Biodiversity and Conservation

, Volume 23, Issue 13, pp 3219–3240 | Cite as

How pastoralism changes savanna vegetation: impact of old pastoral settlements on plant diversity and abundance in south-western Kenya

  • Ville Vuorio
  • Andrew Muchiru
  • Robin S. Reid
  • Joseph O. Ogutu
Original Paper


For centuries, pastoralists have influenced savanna ecology through their construction of settlements, traditional movement patterns in search of forage, water and safety for their livestock. Construction of settlements initiates localised changes in the vegetation due to clearance of vegetation at construction and collection of construction materials. During the occupation period a lot of dung is deposited in and around settlements. When pastoral families abandon settlements and move away, they leave behind mud huts and livestock corrals surrounded by fences. These sites become nutrient-rich patches supporting a different abundance and diversity of plants and large mammals compared to the rest of the savanna. This study aimed to broaden our understanding of how pastoral land use influences plant diversity in East African savannas. Past work on the effects of settlements has been done in dry places (<600 mm rainfall) with relatively poor soils. To complement and extend these studies, we selected a contrasting site with high rainfall and rich soils in the Mara ecosystem of south-western Kenya. We sampled the occurrence of different plant species along transects radiating from 28 settlements abandoned by pastoralists and ranging in age from 2 months to 48 years on two different soil types. Mean plant species richness and abundance peaked at intermediate distances, 12.5 and 25 m from the edges of settlements. We recorded a total of 210 plant species during the study, 65 of which occurred only within the impact ring of the abandoned settlements. The effects of settlements on plants were stronger on shallow sandy soils than on deep clay soils. Our findings show that abandoned settlements were key sites for regeneration and replenishment of shrubs harvested by the Maasai, but support few other plants of biodiversity value. These unique habitat patches in the savanna ecosystem are under threat as pastoral Maasai become increasingly sedentary and as wildlife conservancies are established, thus reducing the number of abandoned settlements. In essence, the Maasai, by changing their traditional lifestyle, will reduce these nutrient hotspots and hence landscape heterogeneity and biodiversity.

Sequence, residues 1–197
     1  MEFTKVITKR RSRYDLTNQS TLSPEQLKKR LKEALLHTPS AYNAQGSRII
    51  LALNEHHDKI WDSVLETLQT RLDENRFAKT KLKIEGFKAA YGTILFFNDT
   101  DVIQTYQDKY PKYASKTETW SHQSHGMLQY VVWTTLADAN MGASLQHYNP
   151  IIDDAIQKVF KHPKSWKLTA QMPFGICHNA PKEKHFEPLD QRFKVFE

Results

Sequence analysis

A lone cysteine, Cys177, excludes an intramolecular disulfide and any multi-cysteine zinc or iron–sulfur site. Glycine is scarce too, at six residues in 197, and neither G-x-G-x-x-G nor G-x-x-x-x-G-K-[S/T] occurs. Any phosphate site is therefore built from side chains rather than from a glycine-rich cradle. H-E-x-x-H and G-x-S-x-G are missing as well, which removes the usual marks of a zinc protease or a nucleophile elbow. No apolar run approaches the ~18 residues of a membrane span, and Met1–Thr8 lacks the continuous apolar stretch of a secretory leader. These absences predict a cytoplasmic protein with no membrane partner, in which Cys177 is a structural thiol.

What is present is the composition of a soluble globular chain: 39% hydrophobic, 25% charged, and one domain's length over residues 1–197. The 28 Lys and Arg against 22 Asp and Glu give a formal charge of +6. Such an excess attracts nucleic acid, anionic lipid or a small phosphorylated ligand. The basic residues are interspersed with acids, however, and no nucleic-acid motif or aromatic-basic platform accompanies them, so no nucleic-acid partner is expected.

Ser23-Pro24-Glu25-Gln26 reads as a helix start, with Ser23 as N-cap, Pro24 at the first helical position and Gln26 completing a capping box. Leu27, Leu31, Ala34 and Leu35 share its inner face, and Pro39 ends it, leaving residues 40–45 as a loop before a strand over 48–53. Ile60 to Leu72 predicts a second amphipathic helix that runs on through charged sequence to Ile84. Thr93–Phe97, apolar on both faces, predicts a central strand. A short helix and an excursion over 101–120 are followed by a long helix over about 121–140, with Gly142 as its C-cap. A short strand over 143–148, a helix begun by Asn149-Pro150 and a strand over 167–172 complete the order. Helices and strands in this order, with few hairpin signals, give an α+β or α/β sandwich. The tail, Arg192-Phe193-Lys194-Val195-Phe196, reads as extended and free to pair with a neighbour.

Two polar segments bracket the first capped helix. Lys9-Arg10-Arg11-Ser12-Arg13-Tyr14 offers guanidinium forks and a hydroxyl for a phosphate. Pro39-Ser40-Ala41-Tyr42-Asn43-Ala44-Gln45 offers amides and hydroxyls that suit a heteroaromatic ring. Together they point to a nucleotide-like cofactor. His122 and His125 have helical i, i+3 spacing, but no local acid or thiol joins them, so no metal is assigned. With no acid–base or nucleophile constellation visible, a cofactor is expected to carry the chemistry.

East Africa Serengeti-Mara ecosystem Maasai Livestock enclosures Species response 



We thank Moses Koriatah, Mooli Sananka, James Kaigil, Josphat Sananka, Bo Söderström and the late John Rakwa, for field assistance; the East African Herbarium for help in identifying the plants; and the Management of the Masai Mara National Reserve, Koyiaki-Lemek Wildlife Trust, Koyiaki Group Ranch and the Government of the Republic of Kenya for permission to conduct this study. This research was financially supported by the Finland Ministry of Foreign Affairs and the donors of the International Livestock Research Institute.

Supplementary material

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Supplementary material 1 (PDF 39 kb)
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Supplementary material 2 (PDF 27 kb)
10531_2014_777_MOESM3_ESM.pdf (28 kb)
Supplementary material 3 (PDF 27 kb)


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Copyright information

© Springer Science+Business Media Dordrecht 2014

Authors and Affiliations

  • Ville Vuorio
    • 1
  • Andrew Muchiru
    • 2
  • Robin S. Reid
    • 3
    • 4
  • Joseph O. Ogutu
    • 3
    • 5
  1. 1.School of Forest SciencesUniversity of Eastern FinlandJoensuuFinland
  2. 2.NairobiKenya
  3. 3.Center for Collaborative ConservationColorado State UniversityFort CollinsUSA
  4. 4.Natural Resource Ecology Laboratory and Department of Ecosystem Science and SustainabilityColorado State UniversityFort CollinsUSA
  5. 5.Bioinformatics Unit, Institute of Crop ScienceUniversity of HohenheimStuttgartGermany

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